Union over control of amateur
basketball in the U n ite d
States.
Although it approved other
sports, the NCAA refused to al-
low college basketball players
to compete in the Maccabiah
Games in Tel Aviv last August.
The NCAA said the move was
intended to persuade the AAU
to give up its fight to control
the sport.
"There is no question that
Jack Langer will continue to
play basketball," said H e n r y
Chauncey Jr., special assistant
to the .president of Yale. "We
don't care what they do -
Jack Langer will play when the
coach wants to use him.

"Yale will survive without
television and without being in
championship meets.
"There are three things we
can do now. We can do noth-
ing, we can make a formal pro-
test or we can resign from the
NCAA, but I don't think the
last is probable. We'll have to
sit and think about it."
Arthur Berstrom, assistant ex-
ecutive director of the NCAA
and secretary to the infrac-
tions committee, said it is be-
lieved to be the first time an
NCAA member continued in
violation of the rules.
He said also it is the firs t
time an individual Ivy League
institution has committed a vio-
lation.
There was no indication on
how the other seven Ivy League
schools would react to Yale's
penalty. The others - Brown,
Columbia, Cornell, Dartmouth,

Harvard, Penn and Princeton -
informed the NCAA last week
they supported Yale's decision
to play Langer.
Yale gave Langer permis-
sion to play in the Maccabiah
Games knowing he probably
would be declared ineligible by
the NCAA and Eastern Col
legiate Athletic Conference.
Yale faces punishment by the
NCAA at its annual convention
in New York late next month.
Actually, the school was on
ECAC probation for about three
hours Tuesday but that organi-
zation's executive council witl*
drew probation resolution after
a heated membership meeting.
The ECAC probation would
have lasted until June 30, 1971
The ECAC's executive council
will decide at a meeting in New
York next Friday whether t
resubmit at the February con-
vention its resolution placing
Yale on probation.

RUDY NINT H:
Mravihheads scoring list
NEW YORK (JP) - Pete Mara-
vich of Louisiana State is run-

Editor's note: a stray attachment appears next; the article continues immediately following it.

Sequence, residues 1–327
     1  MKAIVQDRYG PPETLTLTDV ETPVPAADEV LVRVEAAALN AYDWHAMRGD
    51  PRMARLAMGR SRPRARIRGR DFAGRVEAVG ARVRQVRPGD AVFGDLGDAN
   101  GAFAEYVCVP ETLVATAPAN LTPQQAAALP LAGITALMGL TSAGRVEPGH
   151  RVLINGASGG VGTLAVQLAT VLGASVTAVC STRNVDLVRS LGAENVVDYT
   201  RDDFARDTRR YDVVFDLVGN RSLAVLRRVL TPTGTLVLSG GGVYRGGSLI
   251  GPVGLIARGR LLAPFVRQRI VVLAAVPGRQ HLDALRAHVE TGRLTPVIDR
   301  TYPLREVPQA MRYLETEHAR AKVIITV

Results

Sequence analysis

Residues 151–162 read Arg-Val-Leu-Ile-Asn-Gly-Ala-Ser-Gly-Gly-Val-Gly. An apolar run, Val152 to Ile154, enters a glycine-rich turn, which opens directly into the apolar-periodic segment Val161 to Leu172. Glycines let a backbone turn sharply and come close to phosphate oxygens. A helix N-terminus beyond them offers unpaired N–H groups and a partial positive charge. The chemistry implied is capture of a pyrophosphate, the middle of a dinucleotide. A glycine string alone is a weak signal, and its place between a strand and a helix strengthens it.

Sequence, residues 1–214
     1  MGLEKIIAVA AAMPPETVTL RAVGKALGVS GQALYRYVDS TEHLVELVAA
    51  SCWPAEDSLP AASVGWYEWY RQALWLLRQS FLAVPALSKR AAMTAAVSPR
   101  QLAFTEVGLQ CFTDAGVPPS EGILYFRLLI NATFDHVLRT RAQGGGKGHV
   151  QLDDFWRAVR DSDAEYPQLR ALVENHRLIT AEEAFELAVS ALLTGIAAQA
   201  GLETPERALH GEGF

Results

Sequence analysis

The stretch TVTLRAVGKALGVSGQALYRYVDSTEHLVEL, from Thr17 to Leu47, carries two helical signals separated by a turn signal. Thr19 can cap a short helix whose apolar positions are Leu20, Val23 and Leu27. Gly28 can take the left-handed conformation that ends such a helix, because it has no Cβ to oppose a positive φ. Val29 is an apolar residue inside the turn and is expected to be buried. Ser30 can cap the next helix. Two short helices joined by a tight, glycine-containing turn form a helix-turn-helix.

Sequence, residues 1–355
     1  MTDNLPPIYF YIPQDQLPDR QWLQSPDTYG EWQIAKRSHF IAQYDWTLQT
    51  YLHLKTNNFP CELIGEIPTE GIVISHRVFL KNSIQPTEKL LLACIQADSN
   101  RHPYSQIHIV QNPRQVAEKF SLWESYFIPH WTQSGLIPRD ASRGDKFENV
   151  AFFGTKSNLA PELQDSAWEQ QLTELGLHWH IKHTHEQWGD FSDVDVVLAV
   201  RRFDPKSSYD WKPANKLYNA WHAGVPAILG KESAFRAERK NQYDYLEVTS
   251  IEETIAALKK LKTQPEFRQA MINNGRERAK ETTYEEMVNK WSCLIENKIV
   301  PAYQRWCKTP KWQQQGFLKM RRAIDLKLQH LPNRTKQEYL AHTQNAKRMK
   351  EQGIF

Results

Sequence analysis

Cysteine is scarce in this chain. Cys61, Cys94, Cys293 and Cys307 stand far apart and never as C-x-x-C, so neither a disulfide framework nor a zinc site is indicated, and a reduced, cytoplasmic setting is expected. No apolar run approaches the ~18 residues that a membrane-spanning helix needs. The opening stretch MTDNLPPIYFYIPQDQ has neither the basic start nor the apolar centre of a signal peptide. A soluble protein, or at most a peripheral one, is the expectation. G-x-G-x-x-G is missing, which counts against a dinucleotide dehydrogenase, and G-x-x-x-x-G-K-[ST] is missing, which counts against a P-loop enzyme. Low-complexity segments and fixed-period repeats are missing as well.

ning away with another national
major college basketball scoring
title, but the race for second place
is heating up under the torrid
shooting of Rick Mount.
Michigan's Rudy Tomjanovich
holds ninth place with a 29.9 aver-
age and trails the fifth place
Mount by less than two points per
game.
Mount of Purdue averaged 42.7
points a game in his three contests
last week, raising his season aver-
age to 31.6 in this week's National
Collegiate Sports Services rank-
ings.
His surge has rocketed him from
29th two weeks ago to fifth. Sta-
tistics include games through last
Saturday night. :-,
Mount, who finished second to
Maravich last year with a 33.3
average, suffered a knee injury
this season, causing his slow
start.
Maravich, meanwhile, ranked
No. 1 for a record 30th consecu- -F'
tive week with a stunning"47.0
average-highest ever this late
in the .season. Oscar Robertson .
had the longest leading string of
29 weeks.
Austin Carr of Notre Dame is
a distant second at 33.2, not out
of Mount's reach. Dan Issel of
Kentucl~y is third at 33.0 and ,
Bob Lanier at St. Bonaventure
fourth at 32.4.
Artis G i1 m o r e , 7-2, and
Pembrook Burrows, 7-0, Jackson-
ville's dominating giants, retained ....... . °- *"> .
their rebounding and field goal
percentage leads, respectively.
g fg !t pts. avg. .-

is

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3. Maravich,
LSU 12 210
2. Carr, Notre
Dame 13 181
3. issei,
Kentucky 11 138
4. Lanier, St.
Bonaventure 10 135
5. Mount,
Purdue 9 115
- 6. Murphy,
Niagara 11 125
7. Humes Idaho
State 10 127
8. Simpson, Michigan
State 11 133
9. Tomjanovich,
MICHIGAN 11 126
10. Owens,
r orida 10 104

2

244 564
70 432
87 363
54 324
54 284

47.0
33.2
33.0
32.4
31.6

U

96 .346 31.5
56 310 31.0

CONFUSED?

70
77
82

336
329
290

30.5
29.9
29.0

i'

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--

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i'1

II

-Daiy-Thomas R. Copi
Rick Mount pads lead

p n,.4....AQEN QANEA..L lM ,.

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I I I o _. I I . ..

BY THE NUMBER OF